Hagrid sighed again, deflating like a balloon. “I jus’ want him ter be happy,” he muttered. “But Grawp’s havin’ none of it.”

As Albus and Pan walked back to the castle for dinner, Albus couldn’t help thinking about Thorn. Hagrid had said he was a good man, but he’d also said Thorn was ambitious. Was he looking for another promotion? Sprout was deputy headmistress. Apart from McGonagall, she was in the best position to move him up the school. Was that the reason he’d become so ‘chummy’ with her?

I need to keep an eye on him.

 

Albus and Pan parted ways in the Entrance Hall. Albus was having dinner at Slughorn’s party and needed to return to the common room to get changed. Pan waved him goodbye and headed into the Great Hall. Albus wished his invitation had come with a plus one, then he could’ve invited Pan along with him. As it was, he would have to suffer the Slug Club alone.

In his dormitory, Albus rifled through his trunk for his dress robes. He couldn’t remember where he’d packed them. He pulled out his posters of Gonçalo Flores, his canvases, paints, sketchpad and charcoals. He found the dress robes at the very bottom, a set of bottle green robes embroidered with gold. The moment he’d seen them in Madam Malkin’s shop, he’d known they were the ones he wanted. Gold and green – the colours of the Brazilian quidditch team – the colours of Gonçalo Flores. Green, it turned out, had been a fitting choice. He was, after all, a Slytherin. Perhaps, deep down, Albus had always suspected he’d belonged in the house of the serpent. Red had never been a favourite colour of his. As for lions, they were animals for boys like Ace McLaggen – brutish and powerful.

My animal is a snake, he thought sadly.

A few minutes later, he stepped out of his dormitory, re-checking the invitation as he did so. It said the party was taking place in Slughorn’s office on the sixth floor. Albus checked the back of the parchment to see if there were more detailed directions. There weren’t.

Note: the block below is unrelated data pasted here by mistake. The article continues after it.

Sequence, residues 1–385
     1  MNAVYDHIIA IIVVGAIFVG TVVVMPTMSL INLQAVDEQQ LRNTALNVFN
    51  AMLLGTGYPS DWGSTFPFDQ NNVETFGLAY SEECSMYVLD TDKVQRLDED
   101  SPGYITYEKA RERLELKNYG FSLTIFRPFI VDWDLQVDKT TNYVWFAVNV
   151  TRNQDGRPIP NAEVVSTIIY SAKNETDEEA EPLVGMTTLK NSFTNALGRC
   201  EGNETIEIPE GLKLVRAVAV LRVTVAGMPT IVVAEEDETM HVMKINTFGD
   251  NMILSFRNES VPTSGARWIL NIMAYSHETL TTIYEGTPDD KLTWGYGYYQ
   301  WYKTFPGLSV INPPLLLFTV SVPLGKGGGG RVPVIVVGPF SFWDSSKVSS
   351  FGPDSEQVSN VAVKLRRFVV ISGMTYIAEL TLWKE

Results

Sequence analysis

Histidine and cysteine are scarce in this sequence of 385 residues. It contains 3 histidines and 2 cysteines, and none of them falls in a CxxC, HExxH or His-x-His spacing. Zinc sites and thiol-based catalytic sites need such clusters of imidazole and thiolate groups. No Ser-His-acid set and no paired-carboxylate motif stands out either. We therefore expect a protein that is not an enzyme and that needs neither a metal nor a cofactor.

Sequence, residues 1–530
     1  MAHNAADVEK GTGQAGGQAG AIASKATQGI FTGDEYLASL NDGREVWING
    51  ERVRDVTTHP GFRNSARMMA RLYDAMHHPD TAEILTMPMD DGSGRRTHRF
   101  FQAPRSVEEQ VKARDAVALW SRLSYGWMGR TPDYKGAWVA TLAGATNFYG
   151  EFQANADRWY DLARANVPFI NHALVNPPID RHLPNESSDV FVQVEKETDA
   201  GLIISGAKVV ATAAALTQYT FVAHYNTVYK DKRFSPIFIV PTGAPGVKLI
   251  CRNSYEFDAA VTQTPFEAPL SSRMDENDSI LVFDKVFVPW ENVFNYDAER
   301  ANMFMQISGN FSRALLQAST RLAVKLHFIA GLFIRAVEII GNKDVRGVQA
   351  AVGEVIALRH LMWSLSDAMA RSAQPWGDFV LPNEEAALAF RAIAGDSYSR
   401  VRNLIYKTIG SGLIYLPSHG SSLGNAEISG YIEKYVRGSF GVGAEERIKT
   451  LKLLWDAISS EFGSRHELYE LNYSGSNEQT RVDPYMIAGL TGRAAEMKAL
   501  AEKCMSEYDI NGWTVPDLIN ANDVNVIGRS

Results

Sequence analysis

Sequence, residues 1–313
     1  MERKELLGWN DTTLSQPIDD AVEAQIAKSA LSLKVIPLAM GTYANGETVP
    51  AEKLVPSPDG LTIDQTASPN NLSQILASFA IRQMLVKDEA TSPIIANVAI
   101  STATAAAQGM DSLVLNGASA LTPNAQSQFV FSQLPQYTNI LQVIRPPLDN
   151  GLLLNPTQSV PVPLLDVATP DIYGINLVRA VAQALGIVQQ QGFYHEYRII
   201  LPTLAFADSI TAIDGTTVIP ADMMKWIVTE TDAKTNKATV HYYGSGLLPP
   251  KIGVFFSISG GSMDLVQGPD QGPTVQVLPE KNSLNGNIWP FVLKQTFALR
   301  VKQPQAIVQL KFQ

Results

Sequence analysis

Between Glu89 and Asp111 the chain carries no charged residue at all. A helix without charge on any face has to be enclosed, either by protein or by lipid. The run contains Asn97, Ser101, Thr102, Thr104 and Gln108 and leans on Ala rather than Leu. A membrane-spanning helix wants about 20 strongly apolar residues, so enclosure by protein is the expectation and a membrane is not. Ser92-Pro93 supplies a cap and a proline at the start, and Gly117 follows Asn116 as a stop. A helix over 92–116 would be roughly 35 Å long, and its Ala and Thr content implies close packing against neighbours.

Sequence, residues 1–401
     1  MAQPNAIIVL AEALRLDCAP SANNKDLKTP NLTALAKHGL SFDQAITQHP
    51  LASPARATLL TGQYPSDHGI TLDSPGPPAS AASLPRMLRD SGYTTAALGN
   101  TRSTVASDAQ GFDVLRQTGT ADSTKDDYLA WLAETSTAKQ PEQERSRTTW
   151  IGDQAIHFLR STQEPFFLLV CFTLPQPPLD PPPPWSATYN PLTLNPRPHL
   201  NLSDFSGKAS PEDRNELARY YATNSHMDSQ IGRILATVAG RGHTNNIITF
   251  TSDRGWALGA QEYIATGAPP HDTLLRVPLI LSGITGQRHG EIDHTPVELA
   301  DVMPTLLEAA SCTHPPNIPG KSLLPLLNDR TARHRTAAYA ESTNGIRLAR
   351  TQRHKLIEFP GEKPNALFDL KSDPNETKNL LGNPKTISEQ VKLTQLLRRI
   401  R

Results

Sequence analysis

Before he’d taken another step, Albus paused. The door opposite him, upon which the plaque read Drake Salmer and Scorpius Malfoy, had just opened and none other than Scorpius Malfoy had just stepped out. He was wearing black dress robes with silver embroidery, complete with a shimmering cloak that looked as if it was made of liquid silver. Scorpius froze mid-movement at the sight of Albus. His eyes widened and then he turned towards the staircase without a word.

“Wait!” Albus blurted out, following after him.

Scorpius halted.

“Are you going to Slughorn’s party?” Albus asked him.

A frown line formed between Scorpius’s blonde eyebrows. But after a pause, he nodded.

“Me too,” Albus said, an unexpected feeling of relief washing through him. “Do you want to walk together? I don’t know the way.”

Scorpius nodded again, the frown line deepening.

The two boys walked together in awkward silence, Scorpius, as was his habit, refusing to even glance in Albus’s direction. By the time they’d reached the fourth floor, Albus couldn’t stand it any longer. “How’s your first week been?” he asked as they walked past a suit of armour with its helmet on back-to-front.

Scorpius narrowed his eyes. “Is that a joke?” he asked defensively.

“No!” Albus replied quickly. “I meant—I guess it was a stupid question.”

Scorpius stopped walking. He moved towards a nearby window and looked out at the Black Lake. The Forbidden Forest stood ominously in the distance. “Going to this party was a mistake,” Scorpius said suddenly. “I don’t know what I was thinking.”